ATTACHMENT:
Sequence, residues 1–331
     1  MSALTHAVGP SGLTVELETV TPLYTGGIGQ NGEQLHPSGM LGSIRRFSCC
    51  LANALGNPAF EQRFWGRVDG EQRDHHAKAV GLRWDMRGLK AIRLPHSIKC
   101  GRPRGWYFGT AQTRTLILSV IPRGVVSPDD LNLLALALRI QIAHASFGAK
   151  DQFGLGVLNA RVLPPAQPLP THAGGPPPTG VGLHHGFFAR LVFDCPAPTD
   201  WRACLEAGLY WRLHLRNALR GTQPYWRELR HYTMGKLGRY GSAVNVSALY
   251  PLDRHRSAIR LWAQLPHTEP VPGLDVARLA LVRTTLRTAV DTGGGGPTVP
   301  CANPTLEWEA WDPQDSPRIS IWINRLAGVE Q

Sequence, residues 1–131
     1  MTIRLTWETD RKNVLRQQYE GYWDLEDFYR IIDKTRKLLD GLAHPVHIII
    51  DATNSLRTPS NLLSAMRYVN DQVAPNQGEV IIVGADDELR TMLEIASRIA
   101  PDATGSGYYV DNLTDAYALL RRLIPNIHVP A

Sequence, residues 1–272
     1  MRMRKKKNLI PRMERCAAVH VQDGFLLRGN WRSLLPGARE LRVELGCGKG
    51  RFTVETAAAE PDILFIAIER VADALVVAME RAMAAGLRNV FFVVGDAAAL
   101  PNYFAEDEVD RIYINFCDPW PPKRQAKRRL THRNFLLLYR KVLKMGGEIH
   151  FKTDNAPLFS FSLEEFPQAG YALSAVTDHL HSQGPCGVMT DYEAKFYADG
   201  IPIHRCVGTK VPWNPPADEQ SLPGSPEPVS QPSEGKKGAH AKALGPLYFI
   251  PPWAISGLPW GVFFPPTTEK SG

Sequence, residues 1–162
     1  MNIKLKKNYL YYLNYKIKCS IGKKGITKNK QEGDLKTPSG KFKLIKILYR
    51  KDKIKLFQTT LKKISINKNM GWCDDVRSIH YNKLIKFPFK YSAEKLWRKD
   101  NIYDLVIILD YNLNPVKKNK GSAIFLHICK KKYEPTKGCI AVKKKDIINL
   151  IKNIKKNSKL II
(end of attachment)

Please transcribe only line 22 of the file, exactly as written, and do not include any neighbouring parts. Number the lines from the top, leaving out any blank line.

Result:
    51  KDKIKLFQTT LKKISINKNM GWCDDVRSIH YNKLIKFPFK YSAEKLWRKD